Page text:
Fred Caldwell, owner of Fred Caldwell Chevrolet in Clover, announced in November his dealership is expanding. A new showroom will be built to compliment the recent expansion of the service department last year. Harbor Drive on Highway 160 in Fort Mill/ Tega Cay. Tom Griffin is the branch manager and assistant vice president for this full-service mortgage company. Billy Williams is senior loan officer. Tom was formerly with Bank of

America Home Loans for 11 years and is a Lake Wylie Chamber of Commerce board member. He also is a long-time participant in the Lake Wylie community. Hannon Orthodontics recently opened its

Spring 2012 |


Development Update newest location at Lake Wylie at Rivers Edge Pavilion. A ribbon cutting and grand opening luncheon was held on Feb. 2. Dr. Steve Hannon, his wife Susie and their daughter Dr. Stephanie Hannon, along with staff members, welcomed the chamber and community to their new facility. In turn, the Chamber welcomed them to the Lake Wylie Chamber and community. Hannon Orthodontics serves children and adults. The Lake Wylie Chamber of Commerce is proud to be the premiere business organiza-

tion that promotes this area and its businesses. It works every day to support the Lake Wylie area to be dynamic, prosperous and thriving, and for Lake Wylie to stand out in the state and region. The LWCC is expecting a stand out, dynamic year for the chamber and community in this Year of the Dragon. With this strong and powerful start to the year, the LWCC is expecting 2012 will prove to be a special year that will bring new and expanding businesses, new job opportunities and prosperity to the Lake Wylie area. LW


Now enrolling for the 2012-2013 school year 50 | Spring 2012

Lake Wylie Business Centre, located on Latitude Lane and home of the Lake Wylie Chamber of Commerce, will be expanding in 2012. With phase 1 of the Business Centre nearly sold out, the Jackson Corp. â&#x20AC;&#x201D; owned by Leonard and Jay Jackson, developers of Lake Wylie Business Centre â&#x20AC;&#x201D; have announced plans to begin phase 2 in 2012. Two new buildings totaling 14,000 square feet will be built at the rear of the complex. These buildings will be perfect for medical and/or professional offices and can be built to specifications. Space reservations are being taken. LWBC is the newest office condo project in the area. When complete, it will be a $20 million economic development project that has made it possible for small businesses to invest and own their own location in Lake Wylie. Other businesses located at Lake Wylie Business Centre include Allan Gregory, formerly of Edward Jones-Lake Wylie, who has launched K.A. Gregory Wealth Management. Revel Salon and Color Studio opened in 2011 and is already making plans to expand its services in 2012. Last summer, Rinehart Realty expanded its team of realtors when it welcomed several veteran realtors that had been at FPOTC and River Hills Realty. Dr. Vanessa Vargas, owner of Carolina Family Dentistry at Lake Wylie, also expanded her practice in 2011. TheraCare, based in Gastonia, established its second location at Lake Wylie Business Centre. The Lake Wylie Chamber of Commerceâ&#x20AC;&#x2122;s Business Center, located within Lake Wylie Business Centre, is 100% occupied and is home to nine businesses. In addition, the Lake Wylie Chamber of Commerce has referred businesses to rent and purchase locations all over the Lake Wylie area.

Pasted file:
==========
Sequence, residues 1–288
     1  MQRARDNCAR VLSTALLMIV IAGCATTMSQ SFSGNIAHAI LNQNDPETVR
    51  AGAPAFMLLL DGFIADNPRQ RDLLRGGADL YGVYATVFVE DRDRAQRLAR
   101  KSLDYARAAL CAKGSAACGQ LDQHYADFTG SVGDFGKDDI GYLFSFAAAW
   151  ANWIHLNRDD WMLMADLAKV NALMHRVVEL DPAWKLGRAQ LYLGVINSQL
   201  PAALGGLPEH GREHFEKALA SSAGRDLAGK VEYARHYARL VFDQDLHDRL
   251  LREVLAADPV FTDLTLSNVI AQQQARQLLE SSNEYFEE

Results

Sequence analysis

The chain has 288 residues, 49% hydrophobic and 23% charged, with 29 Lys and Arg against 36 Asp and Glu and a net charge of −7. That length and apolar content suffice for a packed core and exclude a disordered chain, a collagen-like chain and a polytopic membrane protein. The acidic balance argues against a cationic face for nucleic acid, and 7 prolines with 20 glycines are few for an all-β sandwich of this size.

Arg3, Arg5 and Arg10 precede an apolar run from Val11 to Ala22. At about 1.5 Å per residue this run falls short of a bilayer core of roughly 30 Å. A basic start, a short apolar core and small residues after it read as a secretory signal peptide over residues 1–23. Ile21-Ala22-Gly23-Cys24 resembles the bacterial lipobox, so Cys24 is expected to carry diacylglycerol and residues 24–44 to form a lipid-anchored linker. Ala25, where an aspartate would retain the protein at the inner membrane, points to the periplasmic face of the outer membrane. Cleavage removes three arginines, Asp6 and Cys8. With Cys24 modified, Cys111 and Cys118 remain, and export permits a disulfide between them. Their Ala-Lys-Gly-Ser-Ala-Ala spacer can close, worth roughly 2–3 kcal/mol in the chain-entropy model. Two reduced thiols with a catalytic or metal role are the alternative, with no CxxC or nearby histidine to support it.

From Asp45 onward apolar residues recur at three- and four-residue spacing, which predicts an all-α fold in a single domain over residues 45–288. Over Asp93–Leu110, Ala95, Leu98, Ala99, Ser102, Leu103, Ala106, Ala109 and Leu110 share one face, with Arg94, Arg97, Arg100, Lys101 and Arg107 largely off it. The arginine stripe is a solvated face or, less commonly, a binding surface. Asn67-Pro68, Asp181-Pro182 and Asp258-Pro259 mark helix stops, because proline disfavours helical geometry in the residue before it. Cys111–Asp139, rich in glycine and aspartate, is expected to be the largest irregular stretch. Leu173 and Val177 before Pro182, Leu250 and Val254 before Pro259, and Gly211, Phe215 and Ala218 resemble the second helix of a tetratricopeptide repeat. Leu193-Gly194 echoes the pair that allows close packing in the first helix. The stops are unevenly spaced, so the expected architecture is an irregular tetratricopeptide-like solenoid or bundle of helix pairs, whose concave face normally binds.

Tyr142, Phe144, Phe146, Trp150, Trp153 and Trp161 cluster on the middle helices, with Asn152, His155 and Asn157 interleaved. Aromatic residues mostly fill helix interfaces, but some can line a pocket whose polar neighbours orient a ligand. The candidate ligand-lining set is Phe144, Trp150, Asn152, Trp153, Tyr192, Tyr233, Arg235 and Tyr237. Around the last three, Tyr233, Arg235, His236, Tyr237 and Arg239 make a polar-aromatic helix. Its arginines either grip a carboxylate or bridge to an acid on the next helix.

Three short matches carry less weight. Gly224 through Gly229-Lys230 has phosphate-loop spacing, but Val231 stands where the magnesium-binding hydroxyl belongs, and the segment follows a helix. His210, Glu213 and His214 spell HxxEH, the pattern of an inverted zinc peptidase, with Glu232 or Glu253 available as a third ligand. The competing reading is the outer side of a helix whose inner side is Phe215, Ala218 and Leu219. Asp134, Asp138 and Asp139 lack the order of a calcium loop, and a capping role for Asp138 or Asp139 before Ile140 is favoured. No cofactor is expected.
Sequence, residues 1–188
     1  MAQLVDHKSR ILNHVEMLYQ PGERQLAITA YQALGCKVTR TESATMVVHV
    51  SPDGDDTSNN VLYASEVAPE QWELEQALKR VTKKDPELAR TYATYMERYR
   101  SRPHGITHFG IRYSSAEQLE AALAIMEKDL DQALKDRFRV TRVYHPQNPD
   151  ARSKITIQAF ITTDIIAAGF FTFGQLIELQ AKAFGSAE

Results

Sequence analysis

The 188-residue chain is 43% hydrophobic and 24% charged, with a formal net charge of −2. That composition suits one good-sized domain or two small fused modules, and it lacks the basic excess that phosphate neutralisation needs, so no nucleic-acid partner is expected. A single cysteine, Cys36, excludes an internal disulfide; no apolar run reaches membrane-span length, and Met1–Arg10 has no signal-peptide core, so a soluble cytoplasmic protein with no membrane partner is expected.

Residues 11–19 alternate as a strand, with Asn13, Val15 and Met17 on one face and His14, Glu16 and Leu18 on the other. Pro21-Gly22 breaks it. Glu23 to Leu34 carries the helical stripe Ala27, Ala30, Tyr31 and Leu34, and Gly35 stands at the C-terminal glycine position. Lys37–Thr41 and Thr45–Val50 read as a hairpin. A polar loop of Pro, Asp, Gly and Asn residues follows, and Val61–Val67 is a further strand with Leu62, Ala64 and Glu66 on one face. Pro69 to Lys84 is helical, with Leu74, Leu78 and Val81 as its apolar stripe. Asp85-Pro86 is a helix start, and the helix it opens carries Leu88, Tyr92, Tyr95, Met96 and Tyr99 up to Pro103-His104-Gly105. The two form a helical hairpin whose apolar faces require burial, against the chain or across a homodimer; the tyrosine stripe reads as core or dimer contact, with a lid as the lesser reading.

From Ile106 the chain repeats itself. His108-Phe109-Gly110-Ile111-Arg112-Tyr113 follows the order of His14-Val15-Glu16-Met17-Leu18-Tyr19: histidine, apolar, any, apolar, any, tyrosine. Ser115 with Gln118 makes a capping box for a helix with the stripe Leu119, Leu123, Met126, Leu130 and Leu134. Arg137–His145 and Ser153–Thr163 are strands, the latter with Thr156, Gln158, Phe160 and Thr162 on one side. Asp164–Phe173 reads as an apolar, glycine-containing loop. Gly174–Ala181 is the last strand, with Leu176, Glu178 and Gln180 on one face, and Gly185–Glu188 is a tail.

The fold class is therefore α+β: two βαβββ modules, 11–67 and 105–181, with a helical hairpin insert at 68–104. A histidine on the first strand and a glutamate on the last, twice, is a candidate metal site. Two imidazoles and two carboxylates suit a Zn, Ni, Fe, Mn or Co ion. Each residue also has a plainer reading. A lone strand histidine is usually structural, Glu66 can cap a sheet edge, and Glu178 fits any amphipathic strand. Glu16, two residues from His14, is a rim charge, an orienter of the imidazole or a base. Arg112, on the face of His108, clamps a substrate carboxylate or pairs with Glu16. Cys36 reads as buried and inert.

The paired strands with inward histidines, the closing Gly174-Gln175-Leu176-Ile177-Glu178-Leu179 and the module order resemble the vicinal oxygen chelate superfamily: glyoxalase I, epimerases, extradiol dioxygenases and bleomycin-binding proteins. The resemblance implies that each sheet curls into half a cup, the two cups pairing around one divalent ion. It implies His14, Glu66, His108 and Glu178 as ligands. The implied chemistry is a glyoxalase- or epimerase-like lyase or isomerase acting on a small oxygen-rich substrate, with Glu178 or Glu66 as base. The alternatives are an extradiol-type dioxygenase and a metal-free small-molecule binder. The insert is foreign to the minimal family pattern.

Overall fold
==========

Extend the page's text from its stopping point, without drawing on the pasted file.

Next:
Development Update


Outlook By J.D. Rinehart Jr., Owner/Broker, Rinehart Realty Corp.

Opportunity abounds in 2012